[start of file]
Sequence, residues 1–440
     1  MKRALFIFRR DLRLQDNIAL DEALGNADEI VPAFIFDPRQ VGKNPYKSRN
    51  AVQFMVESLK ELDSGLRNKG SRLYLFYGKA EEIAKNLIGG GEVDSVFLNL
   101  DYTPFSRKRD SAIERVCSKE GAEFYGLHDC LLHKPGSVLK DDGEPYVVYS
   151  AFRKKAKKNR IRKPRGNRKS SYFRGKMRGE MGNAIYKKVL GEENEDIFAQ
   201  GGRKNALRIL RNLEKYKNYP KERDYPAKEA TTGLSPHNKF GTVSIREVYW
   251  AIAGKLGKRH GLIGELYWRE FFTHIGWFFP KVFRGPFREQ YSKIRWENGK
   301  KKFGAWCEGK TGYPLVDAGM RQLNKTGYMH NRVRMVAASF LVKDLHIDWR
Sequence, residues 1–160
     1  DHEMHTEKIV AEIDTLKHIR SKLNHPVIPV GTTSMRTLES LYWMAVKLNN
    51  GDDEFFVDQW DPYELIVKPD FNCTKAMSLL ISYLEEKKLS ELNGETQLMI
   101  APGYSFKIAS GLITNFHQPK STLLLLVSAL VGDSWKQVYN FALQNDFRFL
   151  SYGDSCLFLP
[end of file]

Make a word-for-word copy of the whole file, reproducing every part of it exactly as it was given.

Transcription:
Sequence, residues 1–440
     1  MKRALFIFRR DLRLQDNIAL DEALGNADEI VPAFIFDPRQ VGKNPYKSRN
    51  AVQFMVESLK ELDSGLRNKG SRLYLFYGKA EEIAKNLIGG GEVDSVFLNL
   101  DYTPFSRKRD SAIERVCSKE GAEFYGLHDC LLHKPGSVLK DDGEPYVVYS
   151  AFRKKAKKNR IRKPRGNRKS SYFRGKMRGE MGNAIYKKVL GEENEDIFAQ
   201  GGRKNALRIL RNLEKYKNYP KERDYPAKEA TTGLSPHNKF GTVSIREVYW
   251  AIAGKLGKRH GLIGELYWRE FFTHIGWFFP KVFRGPFREQ YSKIRWENGK
   301  KKFGAWCEGK TGYPLVDAGM RQLNKTGYMH NRVRMVAASF LVKDLHIDWR
Sequence, residues 1–160
     1  DHEMHTEKIV AEIDTLKHIR SKLNHPVIPV GTTSMRTLES LYWMAVKLNN
    51  GDDEFFVDQW DPYELIVKPD FNCTKAMSLL ISYLEEKKLS ELNGETQLMI
   101  APGYSFKIAS GLITNFHQPK STLLLLVSAL VGDSWKQVYN FALQNDFRFL
   151  SYGDSCLFLP